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12 August, 2020 Open access

Government must take action to help older workers back to work after COVID-19, says Learning and Work Institute

New report warns of a surge in long term unemployment without targeted support aimed specifically at the over-50s

The government must take action to help older workers back to work after the coronavirus (COVID-19) pandemic, the Learning and Work Institute (LWI) has said.

In a new report, A mid-life employment crisis, the LWI - in partnership with Centre for Ageing Better - warns of the risk of a surge in long term unemployment among the over-50s. Observing that the number of older workers seeking unemployment-related benefits has almost doubled during the lockdown, the LWI highlights that there is a risk of further job losses as the furlough scheme is unwound and that older workers who lose their jobs are far more likely to slip into long-term worklessness.

Calling for action, the report sets out three steps the government could take to support older workers in the wake of COVID-19 -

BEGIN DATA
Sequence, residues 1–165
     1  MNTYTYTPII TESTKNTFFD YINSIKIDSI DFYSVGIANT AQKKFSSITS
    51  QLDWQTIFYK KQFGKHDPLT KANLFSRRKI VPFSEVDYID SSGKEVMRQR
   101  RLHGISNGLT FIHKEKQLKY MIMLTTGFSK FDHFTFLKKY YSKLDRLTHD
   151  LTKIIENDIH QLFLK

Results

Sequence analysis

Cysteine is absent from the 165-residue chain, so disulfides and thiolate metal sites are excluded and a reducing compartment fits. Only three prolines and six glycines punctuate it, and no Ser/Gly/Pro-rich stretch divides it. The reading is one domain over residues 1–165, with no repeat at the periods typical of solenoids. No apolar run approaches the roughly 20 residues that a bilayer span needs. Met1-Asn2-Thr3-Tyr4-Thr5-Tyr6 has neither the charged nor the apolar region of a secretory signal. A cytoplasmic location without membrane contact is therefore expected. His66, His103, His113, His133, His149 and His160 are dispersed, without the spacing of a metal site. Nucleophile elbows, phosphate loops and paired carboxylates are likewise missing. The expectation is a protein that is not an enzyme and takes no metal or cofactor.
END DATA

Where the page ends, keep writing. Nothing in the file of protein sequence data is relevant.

Commenting on the report, chief executive of Centre for Ageing Better Anna Dixon said - 

'As this report shows, older workers have been hit hard by the crisis, and it’s crucial that they are not forgotten in the recovery efforts. Without action we could see many in their 50s and 60s falling out of the workforce years before their state pension age and struggling to get by until they are able to draw their pension. We know that a one-size-fits-all model doesn’t work when it comes to helping over-50s back to work. Instead we need to see targeted support, and a strong message from government that these workers are just as entitled to support as younger age groups.'

For more information, see Coronavirus risks triggering long term unemployment crisis for older workers from